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Dramatic food-drop to Tirley flood victims trapped at home

By citizenmike  |  Posted: February 12, 2014

  • Under water: The village of Tirley

  • Rescue teams take food by boat in Tirley

  • Food parcels arrive in Tirley

  • Floodwaters are 5ft deep in parts

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TRAPPED in their homes, the ‘forgotten’ residents of Tirley breathed a sigh of relief when rescue workers brought essential food supplies by boat.

Parts of the village are under five-foot of water as the River Severn expands to one mile wide during the floods.

But 18 homes at Haw Bridge have been cut off since Christmas Day and rescue workers said ‘cabin fever’ was setting in for desperate homeowners.

A specialist team from Severn Area Rescue Association was drafted in to take supplies of bread, milk, eggs and soup that have been donated by Sainsbury’s.

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A hardy team of five Tirley parish councillors have co-ordinated relief efforts and are in the midst of preparing a 150-strong sandbag wall to protect other village streets.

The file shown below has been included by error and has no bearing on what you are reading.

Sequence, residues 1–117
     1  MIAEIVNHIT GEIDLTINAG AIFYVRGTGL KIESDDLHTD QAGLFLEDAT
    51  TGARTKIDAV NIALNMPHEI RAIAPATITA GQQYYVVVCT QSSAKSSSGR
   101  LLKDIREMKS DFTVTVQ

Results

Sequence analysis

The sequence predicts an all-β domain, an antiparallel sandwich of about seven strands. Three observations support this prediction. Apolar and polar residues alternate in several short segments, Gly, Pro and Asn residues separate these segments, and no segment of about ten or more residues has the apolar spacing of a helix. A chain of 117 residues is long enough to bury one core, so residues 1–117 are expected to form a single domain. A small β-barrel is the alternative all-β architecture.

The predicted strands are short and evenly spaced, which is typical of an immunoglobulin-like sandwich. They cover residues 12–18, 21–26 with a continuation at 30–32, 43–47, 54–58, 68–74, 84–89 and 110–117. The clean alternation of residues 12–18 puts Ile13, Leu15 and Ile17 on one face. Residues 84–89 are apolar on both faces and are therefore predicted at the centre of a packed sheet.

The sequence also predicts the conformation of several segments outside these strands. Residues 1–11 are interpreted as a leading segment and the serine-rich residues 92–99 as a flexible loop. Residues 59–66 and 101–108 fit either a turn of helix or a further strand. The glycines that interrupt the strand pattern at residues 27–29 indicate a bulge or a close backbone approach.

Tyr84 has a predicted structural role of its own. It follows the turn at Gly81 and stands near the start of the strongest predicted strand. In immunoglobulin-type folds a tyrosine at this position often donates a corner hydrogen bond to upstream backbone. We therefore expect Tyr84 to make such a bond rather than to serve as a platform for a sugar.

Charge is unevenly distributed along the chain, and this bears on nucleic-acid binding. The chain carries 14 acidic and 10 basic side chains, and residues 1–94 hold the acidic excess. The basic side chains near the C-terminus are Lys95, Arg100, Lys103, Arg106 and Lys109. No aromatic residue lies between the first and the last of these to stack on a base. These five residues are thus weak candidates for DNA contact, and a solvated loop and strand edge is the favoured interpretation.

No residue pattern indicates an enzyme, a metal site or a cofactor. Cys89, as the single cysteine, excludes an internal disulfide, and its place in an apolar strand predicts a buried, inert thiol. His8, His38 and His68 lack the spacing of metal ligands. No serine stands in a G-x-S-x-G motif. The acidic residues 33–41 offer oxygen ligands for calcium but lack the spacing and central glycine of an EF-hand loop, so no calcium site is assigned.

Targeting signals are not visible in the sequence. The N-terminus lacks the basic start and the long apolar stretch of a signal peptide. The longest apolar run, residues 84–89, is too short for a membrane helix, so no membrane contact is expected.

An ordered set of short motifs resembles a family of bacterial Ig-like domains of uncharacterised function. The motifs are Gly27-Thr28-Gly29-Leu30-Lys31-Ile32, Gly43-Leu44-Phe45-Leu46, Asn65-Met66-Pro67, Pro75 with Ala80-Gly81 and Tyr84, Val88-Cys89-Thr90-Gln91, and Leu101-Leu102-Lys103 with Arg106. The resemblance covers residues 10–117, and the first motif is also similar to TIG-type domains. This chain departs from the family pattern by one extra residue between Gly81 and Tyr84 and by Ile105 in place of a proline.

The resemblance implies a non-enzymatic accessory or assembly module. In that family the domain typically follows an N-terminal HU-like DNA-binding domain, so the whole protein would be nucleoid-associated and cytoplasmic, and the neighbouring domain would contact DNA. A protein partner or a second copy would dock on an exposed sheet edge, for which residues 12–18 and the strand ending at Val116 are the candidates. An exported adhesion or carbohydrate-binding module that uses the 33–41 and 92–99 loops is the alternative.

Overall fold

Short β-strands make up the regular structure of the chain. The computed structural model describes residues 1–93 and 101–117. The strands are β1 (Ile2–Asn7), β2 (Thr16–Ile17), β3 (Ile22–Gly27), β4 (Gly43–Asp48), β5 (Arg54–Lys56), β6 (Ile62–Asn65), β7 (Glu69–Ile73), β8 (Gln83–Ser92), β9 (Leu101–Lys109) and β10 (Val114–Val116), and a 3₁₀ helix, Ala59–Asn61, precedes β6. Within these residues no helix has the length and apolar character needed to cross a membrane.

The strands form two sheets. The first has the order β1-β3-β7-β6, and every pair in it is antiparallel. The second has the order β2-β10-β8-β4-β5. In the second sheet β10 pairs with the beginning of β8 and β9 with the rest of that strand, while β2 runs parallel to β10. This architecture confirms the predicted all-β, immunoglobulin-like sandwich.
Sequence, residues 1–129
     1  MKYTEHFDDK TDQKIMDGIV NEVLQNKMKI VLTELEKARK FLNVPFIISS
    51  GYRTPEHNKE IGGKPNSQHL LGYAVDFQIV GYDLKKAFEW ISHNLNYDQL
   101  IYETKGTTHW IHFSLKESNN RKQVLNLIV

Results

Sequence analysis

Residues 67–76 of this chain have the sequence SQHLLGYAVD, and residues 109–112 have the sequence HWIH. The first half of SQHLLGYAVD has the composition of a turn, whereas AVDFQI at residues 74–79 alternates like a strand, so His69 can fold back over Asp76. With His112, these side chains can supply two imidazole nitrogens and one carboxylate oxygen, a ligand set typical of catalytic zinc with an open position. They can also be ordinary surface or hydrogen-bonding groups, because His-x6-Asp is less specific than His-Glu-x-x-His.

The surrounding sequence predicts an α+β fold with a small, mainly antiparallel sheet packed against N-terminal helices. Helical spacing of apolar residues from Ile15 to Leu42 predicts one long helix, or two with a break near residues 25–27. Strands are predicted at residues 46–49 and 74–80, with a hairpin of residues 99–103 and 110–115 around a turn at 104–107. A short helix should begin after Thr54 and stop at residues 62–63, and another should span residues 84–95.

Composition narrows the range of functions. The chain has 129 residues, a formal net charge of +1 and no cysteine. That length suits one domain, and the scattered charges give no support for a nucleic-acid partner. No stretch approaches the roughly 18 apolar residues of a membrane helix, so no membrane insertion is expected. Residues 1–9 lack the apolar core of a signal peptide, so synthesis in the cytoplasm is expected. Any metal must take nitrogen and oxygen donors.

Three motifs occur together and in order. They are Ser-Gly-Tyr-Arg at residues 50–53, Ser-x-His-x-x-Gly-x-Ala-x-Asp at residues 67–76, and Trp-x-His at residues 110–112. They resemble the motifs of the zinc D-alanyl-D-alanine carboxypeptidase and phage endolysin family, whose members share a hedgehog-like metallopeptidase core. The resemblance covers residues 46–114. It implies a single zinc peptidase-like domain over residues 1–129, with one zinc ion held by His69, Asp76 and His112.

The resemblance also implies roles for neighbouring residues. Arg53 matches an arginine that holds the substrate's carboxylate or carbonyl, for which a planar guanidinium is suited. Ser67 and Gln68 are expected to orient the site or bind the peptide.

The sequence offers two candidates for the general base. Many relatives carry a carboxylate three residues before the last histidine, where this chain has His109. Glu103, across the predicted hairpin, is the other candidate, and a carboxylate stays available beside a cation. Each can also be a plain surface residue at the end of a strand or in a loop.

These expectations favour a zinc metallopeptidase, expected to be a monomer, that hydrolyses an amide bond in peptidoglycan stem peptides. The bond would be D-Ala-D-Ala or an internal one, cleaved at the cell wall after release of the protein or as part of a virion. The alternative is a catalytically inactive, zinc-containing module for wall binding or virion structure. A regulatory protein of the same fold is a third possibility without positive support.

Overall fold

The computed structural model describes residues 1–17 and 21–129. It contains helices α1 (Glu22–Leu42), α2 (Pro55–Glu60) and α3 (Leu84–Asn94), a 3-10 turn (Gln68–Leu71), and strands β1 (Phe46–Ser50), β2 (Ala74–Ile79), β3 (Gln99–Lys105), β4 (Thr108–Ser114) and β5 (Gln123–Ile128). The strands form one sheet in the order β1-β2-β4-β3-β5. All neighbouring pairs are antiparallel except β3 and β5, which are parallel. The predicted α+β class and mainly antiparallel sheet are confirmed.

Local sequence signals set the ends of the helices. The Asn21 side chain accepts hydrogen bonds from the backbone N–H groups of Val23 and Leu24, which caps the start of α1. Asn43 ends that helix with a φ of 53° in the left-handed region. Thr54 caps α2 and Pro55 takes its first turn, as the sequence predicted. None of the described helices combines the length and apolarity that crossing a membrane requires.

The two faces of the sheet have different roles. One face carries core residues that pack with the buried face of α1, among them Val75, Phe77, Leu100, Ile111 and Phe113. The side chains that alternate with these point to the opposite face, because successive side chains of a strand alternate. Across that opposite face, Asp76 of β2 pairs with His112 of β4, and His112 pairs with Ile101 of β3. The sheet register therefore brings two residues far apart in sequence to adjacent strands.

Now residents fear damaging high winds over the coming days could cut power to pumps being used to keep more water at bay.

Several residents have already given up on keeping their homes dry – most are under one foot of water even with the pumps in action.

Rescue worker Chris Crawley, 49, said: “Some people have been isolated since Christmas Day. the cabin fever is setting in. It is a real reality check for us all.

“They feel that they have been forgotten with all of what’s going on in Somerset so they were just glad to see some friendly faces I think.”

A marooned cancer patient is among the flood victims. A nurse was taken by boat to him yesterday, but if the situation worsens rescue workers may need to evacuate him.

Parish councillors are working around the clock to keep residents safe using an emergency action plan developed after the 2007 floods.

Tim Adey, who is leading the relief efforts, said: “Some residents have lost their battle and are living upstairs.

“The church area is five feet deep and the only way to get to it is by boat. Road signs are completely under water."

Parish chairman Anne Turner said: “After the 2007 floods we came up with an emergency action plan but we are very much having to do things for ourselves.”

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